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McWane, Inc.

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McWane, Inc., Bill Marshall Assistant Vice President and Counsel, August 2008

  

Q: What’s your favorite thing about McWane?
A: The first thing I like about McWane would have to be the great people I work for and with. Next would be the diverse nature of my work. McWane companies manufacture ductile iron pipe, fire hydrants, valves, fire extinguishers and suppression systems, and steel pressure vessels. We are an international business. It seems like every day I get a question that involves either a novel issue or a new twist on a traditional one. That keeps things interesting.

Q: If you think about your best relationships with outside counsel over time, what are the top three things other lawyers could learn from them?
A: Work well within your firm, don’t just be out for yourself. The internal culture at the law firm needs to be very positive. That’s something that will be helpful to the client. It makes for a better law firm. Also, we value responsiveness. If I call somebody and don’t get a call back the same day, frankly, I am thinking maybe I have the wrong lawyer. I usually get a call back in an hour or two. And finally, technical competence is always key.

Q: And, of course, the follow-up: what are the top three things that lawyers could learn from your least successful relationships with outside counsel over the years?
A: We have relationships with hundreds of firms around the world. I haven’t really fired anybody for cause, but I’ve moved cases around. I guess that’s a qualified firing. The person who doesn’t call you back isn’t going to get a lot of work. I had one lawyer who was impossible to get on the phone, and I felt like I had to fire her. Call back. If not, it’s going to get you in trouble. Even if it’s a call to say I’ll be in touch by tomorrow.

Q: What’s the smartest thing a lawyer or a law firm has ever done for you outside of doing great legal work?
A: When they apprise us of legal issues that we haven’t thought about, that’s really helpful. Also, it’s great when outside lawyers figure out how to settle cases early, even if it’s not in the law firm’s interest on that particular case.

Q: And, no need to name names, but what’s the story of the “least helpful” thing a lawyer or a law firm has ever done for you?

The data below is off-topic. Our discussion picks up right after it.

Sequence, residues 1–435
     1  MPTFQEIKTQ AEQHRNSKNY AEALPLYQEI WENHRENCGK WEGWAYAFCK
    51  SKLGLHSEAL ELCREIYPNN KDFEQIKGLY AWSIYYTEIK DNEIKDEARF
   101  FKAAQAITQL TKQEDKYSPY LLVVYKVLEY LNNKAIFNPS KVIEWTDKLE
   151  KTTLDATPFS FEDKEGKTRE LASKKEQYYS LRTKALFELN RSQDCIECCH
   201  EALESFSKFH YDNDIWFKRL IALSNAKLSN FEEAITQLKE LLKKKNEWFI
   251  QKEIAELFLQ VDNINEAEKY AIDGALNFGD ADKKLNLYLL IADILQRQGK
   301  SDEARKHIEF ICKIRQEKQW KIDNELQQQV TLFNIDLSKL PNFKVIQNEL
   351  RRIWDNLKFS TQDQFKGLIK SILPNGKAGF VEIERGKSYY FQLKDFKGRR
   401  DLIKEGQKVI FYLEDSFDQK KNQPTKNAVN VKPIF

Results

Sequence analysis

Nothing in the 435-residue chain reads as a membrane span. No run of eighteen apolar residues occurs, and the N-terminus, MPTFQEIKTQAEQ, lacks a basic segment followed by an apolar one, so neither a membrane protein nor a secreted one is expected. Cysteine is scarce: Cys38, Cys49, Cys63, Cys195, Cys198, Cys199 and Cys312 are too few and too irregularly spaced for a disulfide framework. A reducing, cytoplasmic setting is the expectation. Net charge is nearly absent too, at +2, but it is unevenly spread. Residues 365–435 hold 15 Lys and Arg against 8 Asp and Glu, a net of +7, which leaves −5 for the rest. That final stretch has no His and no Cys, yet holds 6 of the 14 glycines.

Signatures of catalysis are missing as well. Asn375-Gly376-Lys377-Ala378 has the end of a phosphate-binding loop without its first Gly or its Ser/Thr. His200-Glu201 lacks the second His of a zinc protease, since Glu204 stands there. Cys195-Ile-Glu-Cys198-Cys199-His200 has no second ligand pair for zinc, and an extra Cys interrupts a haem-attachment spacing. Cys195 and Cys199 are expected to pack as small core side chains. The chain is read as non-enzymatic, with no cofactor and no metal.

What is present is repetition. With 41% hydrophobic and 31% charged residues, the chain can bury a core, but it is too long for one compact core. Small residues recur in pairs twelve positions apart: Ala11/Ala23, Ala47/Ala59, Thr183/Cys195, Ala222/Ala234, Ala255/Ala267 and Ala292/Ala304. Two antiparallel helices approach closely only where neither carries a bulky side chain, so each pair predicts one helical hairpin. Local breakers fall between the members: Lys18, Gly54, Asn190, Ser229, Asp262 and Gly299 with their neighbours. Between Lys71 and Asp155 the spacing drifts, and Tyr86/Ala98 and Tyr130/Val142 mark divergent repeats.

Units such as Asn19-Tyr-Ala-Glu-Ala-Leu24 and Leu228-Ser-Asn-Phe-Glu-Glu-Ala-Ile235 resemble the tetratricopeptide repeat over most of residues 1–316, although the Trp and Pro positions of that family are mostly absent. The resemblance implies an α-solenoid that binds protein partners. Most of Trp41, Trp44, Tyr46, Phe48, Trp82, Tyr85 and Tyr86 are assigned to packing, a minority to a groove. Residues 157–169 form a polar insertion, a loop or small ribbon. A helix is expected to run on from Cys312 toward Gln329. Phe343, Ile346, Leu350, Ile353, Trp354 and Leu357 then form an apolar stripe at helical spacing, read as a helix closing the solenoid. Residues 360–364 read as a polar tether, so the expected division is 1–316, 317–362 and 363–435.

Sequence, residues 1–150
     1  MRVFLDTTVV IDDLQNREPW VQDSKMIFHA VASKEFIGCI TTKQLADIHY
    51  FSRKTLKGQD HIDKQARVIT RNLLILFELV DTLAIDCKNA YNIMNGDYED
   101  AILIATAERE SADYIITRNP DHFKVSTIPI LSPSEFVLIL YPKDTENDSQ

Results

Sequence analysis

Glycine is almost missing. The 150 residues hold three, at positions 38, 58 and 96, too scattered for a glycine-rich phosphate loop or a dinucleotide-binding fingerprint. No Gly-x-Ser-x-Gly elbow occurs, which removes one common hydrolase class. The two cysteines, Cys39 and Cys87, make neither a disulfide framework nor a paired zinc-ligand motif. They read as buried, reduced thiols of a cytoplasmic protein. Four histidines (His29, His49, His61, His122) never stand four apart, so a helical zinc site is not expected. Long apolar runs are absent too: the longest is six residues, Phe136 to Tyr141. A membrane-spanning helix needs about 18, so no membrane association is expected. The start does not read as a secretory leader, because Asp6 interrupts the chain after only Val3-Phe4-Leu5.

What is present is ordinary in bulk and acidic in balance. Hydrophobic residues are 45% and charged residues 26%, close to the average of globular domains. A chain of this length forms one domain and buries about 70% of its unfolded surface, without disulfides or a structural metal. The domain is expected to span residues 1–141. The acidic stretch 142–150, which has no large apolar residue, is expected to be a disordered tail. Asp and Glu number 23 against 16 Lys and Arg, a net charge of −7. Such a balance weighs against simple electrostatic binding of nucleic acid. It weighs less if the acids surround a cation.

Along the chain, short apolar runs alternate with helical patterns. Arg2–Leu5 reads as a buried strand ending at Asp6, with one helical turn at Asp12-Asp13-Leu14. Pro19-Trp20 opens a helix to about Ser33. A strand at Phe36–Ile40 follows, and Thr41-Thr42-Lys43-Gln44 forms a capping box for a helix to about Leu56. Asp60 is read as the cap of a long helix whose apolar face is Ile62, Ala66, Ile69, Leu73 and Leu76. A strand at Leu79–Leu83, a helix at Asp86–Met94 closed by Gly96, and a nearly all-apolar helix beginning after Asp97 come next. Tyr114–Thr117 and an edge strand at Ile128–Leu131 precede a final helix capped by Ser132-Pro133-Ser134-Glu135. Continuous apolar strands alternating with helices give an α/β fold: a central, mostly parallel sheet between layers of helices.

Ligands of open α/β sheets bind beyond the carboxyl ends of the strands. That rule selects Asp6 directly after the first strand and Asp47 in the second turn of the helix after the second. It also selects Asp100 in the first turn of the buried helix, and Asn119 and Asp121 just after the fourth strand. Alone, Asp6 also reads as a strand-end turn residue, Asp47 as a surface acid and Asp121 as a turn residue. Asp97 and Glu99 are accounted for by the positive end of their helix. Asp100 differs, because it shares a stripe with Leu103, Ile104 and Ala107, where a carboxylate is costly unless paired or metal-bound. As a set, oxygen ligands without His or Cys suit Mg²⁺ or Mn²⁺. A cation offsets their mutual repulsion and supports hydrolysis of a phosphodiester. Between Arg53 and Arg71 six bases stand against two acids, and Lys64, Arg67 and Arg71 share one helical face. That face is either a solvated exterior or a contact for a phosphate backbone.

A: Missing a deadline. Or finding out about a deadline at the last minute. Or — and this is probably the least helpful thing a firm can do — being wasteful in the way they manage litigation. Don’t send two partners when an associate can do the job.

Q: Are there any client service or business development trends you’re seeing among law firms that you think are headed in the right direction?
A: I don’t really see many trends or changes in the way things have operated in the last 10 years. I see firms moving toward electronic billing, and also toward more paperless workflows, and that’s a good thing.

Q: Are there other law firm trends that you’re seeing that you’d like to come to a screeching halt?
A: Some law firms seem to be stretching to squeeze as much work as they can out of us during the economic downturn. I am not sure it’s a trend, but I’ve noticed it a few times.

Q: Have you ever fired a major provider of legal services or have you ever had internal suggestions that you should fire a major provider?
A: We have moved certain kinds of cases from one firm to another — that was for a combination of financial reasons and we didn’t feel like they were doing a great job for us…

Q: Would it have been helpful if somebody other than the relationship partner proactively requested your feedback and then acted on it, perhaps annually?
A: It might not have changed the outcome in those particular cases, but I think in some situations that could be helpful — sometimes conversations like those can help. It can’t hurt.

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